NACo and its partners at the Justice Management Institute and the Pretrial Justice Institute have released a new report, County Elected Officials Guide to Criminal Justice System Decision Making.

County elected officials play a valuable and important role in the criminal justice system. Public safety is consistently rated a top priority for county residents, and county elected officials strongly influence the criminal justice system by passing ordinances, establishing policies, selecting program administrators and staff, setting public safety priorities and making funding decisions that impact the system directly and indirectly. Despite their important role, many county officials find it challenging to navigate the complex criminal justice system.

This guide will assist county officials in navigating the criminal justice system and strengthening their public safety decision-making role. The guide outlines a six-step process that will enable county elected officials to acquire relevant justice data and to engage system stakeholders in meaningful dialogue that will yield fair and effective solutions to common criminal justice issues. It also includes charts identifying essential criminal justice data elements and key questions for policymakers to ask of their system stakeholders.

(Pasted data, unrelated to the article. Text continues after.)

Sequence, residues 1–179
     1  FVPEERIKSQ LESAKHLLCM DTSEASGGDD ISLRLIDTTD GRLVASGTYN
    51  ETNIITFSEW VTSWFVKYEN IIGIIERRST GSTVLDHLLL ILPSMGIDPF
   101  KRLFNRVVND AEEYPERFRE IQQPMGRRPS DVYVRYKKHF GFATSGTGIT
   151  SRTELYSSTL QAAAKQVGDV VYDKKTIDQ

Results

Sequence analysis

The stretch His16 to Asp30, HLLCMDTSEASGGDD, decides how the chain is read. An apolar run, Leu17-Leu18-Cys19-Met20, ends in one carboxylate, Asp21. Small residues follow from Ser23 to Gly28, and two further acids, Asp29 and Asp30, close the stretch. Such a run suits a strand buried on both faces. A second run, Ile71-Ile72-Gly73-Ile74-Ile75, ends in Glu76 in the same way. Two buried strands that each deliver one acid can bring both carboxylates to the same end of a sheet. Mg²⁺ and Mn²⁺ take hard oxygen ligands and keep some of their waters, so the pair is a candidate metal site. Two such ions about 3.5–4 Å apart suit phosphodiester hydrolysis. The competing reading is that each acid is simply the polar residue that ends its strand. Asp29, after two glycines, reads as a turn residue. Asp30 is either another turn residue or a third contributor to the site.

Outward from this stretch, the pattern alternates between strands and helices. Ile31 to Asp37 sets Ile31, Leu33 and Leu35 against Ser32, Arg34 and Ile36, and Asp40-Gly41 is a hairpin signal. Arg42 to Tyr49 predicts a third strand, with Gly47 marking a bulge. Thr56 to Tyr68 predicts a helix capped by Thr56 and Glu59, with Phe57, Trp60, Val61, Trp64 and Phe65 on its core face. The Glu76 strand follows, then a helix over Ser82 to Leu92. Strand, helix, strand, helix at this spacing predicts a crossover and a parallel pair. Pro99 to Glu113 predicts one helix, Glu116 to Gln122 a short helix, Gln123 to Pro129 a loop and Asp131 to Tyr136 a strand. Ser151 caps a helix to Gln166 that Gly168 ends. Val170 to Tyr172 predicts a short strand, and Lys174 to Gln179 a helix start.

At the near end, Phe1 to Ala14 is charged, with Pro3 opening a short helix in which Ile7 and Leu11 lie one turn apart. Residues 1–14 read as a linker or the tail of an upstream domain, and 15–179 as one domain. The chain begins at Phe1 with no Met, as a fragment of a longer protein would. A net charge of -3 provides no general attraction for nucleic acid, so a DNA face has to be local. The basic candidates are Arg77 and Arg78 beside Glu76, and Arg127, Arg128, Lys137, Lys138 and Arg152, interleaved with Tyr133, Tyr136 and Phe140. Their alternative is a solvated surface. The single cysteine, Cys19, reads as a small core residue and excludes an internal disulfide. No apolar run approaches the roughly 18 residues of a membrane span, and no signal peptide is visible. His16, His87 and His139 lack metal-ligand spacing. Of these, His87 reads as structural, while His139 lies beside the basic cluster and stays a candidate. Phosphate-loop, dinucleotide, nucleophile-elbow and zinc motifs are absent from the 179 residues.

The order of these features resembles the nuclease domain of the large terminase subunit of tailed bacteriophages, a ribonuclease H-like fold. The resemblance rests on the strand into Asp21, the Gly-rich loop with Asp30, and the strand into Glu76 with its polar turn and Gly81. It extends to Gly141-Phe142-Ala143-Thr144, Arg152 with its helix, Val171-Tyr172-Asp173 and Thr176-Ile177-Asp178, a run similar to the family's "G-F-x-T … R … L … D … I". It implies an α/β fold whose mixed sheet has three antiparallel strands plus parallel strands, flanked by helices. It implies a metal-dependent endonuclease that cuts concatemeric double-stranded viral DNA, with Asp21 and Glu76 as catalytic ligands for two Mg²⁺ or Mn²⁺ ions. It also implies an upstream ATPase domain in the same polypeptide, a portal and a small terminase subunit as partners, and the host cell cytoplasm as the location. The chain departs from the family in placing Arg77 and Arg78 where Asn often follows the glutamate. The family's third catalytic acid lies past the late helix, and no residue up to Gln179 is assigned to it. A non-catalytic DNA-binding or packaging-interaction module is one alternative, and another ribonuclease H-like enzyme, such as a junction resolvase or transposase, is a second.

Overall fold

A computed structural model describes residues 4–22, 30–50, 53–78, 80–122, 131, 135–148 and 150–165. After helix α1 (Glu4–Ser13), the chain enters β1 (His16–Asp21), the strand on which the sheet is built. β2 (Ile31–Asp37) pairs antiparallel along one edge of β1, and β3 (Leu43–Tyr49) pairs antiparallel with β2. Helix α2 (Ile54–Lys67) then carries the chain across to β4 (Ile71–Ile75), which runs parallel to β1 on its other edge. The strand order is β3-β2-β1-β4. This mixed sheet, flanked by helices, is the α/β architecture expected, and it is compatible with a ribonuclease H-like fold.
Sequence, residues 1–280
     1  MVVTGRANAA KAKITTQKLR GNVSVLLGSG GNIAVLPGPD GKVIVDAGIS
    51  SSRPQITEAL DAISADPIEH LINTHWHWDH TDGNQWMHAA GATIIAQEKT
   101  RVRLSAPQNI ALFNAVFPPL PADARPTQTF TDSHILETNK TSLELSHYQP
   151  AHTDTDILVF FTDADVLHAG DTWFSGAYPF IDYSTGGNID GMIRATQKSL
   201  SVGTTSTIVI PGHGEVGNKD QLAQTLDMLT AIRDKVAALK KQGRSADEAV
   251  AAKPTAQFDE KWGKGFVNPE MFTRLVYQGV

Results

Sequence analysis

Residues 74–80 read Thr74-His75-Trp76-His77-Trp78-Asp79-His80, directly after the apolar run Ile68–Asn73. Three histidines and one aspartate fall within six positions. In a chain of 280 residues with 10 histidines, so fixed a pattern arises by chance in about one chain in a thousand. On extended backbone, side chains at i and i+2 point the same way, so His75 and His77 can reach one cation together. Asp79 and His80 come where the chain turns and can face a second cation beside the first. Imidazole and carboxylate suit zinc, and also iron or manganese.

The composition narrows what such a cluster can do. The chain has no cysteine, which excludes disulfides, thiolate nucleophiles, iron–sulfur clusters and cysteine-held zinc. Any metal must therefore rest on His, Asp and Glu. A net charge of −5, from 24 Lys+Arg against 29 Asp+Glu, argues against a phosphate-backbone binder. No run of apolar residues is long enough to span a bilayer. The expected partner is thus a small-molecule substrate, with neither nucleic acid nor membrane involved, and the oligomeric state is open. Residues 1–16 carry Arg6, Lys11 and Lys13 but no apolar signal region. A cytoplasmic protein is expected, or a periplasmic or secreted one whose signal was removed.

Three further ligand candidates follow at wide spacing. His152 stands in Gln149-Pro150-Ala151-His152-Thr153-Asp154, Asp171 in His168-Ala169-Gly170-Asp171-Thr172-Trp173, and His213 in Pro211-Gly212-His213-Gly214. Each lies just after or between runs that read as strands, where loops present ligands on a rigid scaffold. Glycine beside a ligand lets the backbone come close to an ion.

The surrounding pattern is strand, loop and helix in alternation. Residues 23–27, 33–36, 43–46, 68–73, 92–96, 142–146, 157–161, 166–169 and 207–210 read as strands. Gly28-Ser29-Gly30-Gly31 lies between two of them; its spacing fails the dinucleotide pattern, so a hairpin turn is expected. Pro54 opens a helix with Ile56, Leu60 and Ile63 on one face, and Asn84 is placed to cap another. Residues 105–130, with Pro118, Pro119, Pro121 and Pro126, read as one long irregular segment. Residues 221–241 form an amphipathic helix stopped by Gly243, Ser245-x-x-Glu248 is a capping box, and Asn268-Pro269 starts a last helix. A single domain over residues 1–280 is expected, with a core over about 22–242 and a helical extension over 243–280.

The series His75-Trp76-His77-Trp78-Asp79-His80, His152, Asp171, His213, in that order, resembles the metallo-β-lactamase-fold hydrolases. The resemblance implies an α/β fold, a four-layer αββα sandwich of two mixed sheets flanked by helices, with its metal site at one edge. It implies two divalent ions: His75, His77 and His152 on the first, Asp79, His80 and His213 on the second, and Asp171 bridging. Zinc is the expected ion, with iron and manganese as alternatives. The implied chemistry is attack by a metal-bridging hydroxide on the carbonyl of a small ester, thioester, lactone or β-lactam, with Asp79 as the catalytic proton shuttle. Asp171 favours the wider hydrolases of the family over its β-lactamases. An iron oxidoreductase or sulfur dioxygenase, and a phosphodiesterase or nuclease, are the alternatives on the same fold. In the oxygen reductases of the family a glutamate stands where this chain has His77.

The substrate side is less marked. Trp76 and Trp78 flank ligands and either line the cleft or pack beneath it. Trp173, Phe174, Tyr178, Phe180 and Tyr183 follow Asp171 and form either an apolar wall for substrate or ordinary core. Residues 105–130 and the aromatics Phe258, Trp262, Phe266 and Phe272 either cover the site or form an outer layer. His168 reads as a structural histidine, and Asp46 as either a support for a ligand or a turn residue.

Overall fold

Through collaboration building, planning and the use of data, county elected officials can ignite change in the criminal justice system to heighten public safety and utilize local resources wisely.

Six-Step Process
  1. Acquire baseline data on the criminal justice system
  2. Bring together criminal justice stakeholders
  3. Ask the right questions
  4. Identify opportunities for improvement
  5. Support the plan
  6. Receive regular updates on progress

This project was supported by Grant No. 2014-­â€DP-­â€BX-­â€K007 awarded by the Bureau of Justice Assistance. The Bureau of Justice Assistance is a component of the Department of Justice's Office of Justice Programs, which also includes the Bureau of Justice Statistics, the National Institute of Justice, the Office of Juvenile Justice and Delinquency Prevention, the Office for Victims of Crime, and the SMART Office. Points of view or opinions in this document are those of the author and do not necessarily represent the official position or policies of the U.S. Department of Justice.